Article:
Admiral Henrique Gouveia e Melo. Image: Pedro Sarmento Costa/ Lusa
Admiral Henrique Gouveia e Melo. Image: Pedro Sarmento Costa/ Lusa

“Democracy is not inevitable”, says defence chief Gouveia e Melo

If it fails, new generation of autocrats will take reins of power

At a time of heightened political dissatisfaction – and some would say deterioration – Portugal’s chief of defence staff, Admiral Henrique Gouveia e Melo, has warned that democracy is not inevitable, and must be defended and nurtured.

Speaking at a conference in Porto de Mós, Leiria, yesterday, as part of a cycle of celebrations for the 50th anniversary of Portugal’s own democracy (celebrated on April 25), he described a world “divided between autocracies and democracies”.

“If democracies fail to present convincing arguments about the importance of political freedoms or if citizens become disillusioned with the way they are governed, a new generation of autocrats will be very willing to step in and take the reins of power”, he warned. And “if they succeed, the world will become more violent, corrupt and dangerous to live in”.

Says Lusa, in the speech where he spoke about the end of the Cold War, Gouveia e Melo pointed out that “the destructuring of ideological systems of reference, some negative effects of globalisation and a disastrous set of international policies have revived dormant nationalisms and identity and religious extremisms fracturing international society.

“Democratic governments may not be more wedded to peace than autocracies, but it is well established that democracies rarely go to war with each other,” he said.

Addressing the geopolitical and geostrategic framework, the resurgence of autocracies and the challenges of democracies, the admiral described how the “advance of autocratic regimes has generated concerns about the weakening of democratic institutions, the erosion of civil rights and the threat to press freedom”.

In a “reflection of the changing balance of financial power, autocracies are increasingly funding democracies”, he went on, “which is worrying, with Western economies dependent on capital flows from the Chinese and Persian Gulf economies”.

In the context of the challenges of international cooperation, “the rivalry between democracies and autocracies presents significant challenges”, as “in an increasingly polarised world, collaboration on global issues has become more difficult and nations are increasingly reluctant to work together in areas such as trade, security and the environment”.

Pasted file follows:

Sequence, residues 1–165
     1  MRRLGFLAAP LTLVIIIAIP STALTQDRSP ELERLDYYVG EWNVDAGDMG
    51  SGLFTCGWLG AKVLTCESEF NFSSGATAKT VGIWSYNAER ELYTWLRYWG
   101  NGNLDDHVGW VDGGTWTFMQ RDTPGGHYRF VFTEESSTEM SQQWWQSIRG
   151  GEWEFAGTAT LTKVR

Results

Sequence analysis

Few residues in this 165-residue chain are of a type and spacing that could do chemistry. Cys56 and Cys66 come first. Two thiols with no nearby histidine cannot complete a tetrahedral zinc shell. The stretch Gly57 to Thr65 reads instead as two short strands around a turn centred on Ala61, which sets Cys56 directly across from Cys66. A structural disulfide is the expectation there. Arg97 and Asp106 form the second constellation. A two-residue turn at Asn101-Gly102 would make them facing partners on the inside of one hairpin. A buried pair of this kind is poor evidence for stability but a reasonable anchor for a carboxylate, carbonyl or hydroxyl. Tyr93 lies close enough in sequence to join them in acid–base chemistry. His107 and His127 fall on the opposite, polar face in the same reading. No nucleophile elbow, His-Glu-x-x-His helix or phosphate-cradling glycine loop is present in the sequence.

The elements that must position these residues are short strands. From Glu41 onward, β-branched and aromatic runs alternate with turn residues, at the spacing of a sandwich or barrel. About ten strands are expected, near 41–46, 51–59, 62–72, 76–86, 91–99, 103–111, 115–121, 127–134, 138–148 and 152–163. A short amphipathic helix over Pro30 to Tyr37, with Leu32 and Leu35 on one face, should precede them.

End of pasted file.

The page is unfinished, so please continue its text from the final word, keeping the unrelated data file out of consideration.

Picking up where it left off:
The man who became a national hero during the Covid vaccination campaign, described how the “Russian invasion of Ukraine produced the greatest unity and urgency among democracies in the last 40 years” (…) “western democracies have united around common values” such as freedom of expression, the protection of human rights and the defence of democratic rule.

But “autocratic nations like Russia and China have positioned themselves as alternatives to the Western democratic model, offering their own, revisionist vision of political and economic development” (…) Portugal, as a nation state, small and limited in its relative power in the concert of nations, should take into consideration, in formulating its policies, that the world is not and does not seem to be moving towards global peace” and that “no international legal system, ‘per se’, will fully protect Portuguese interests.”

Portugal will not be free from being dragged, in view of the coalitions it belongs to, the position and space it occupies geographically and its interests, to a more central and heated zone of the conflict” between the two blocs, he continued.

Admiral Gouveia e Melo is increasingly tipped as a successor to the presidency when current President Marcelo steps down at the end of his second mandate in 2026.

Back in November last year, a poll conducted for Expresso, showed that the majority of Portuguese thought he would be a very good president.

Since then, there has been the ‘Mondego mutiny’ – in which his stance was seen as overly autocratic – but the fact that he is not a former politician could elevate him considerably in the public’s eyes.

Writing in Correio da Manhã today, deputy editorial director general Eduardo Dâmaso runs through the issues damaging national politics today, suggesting they are not in the end the biggest problem for the country’s leaders.

In his opinion, their biggest problem is the growth of right-wing party CHEGA “and an admiral who could also end up in Belém”.

[email protected]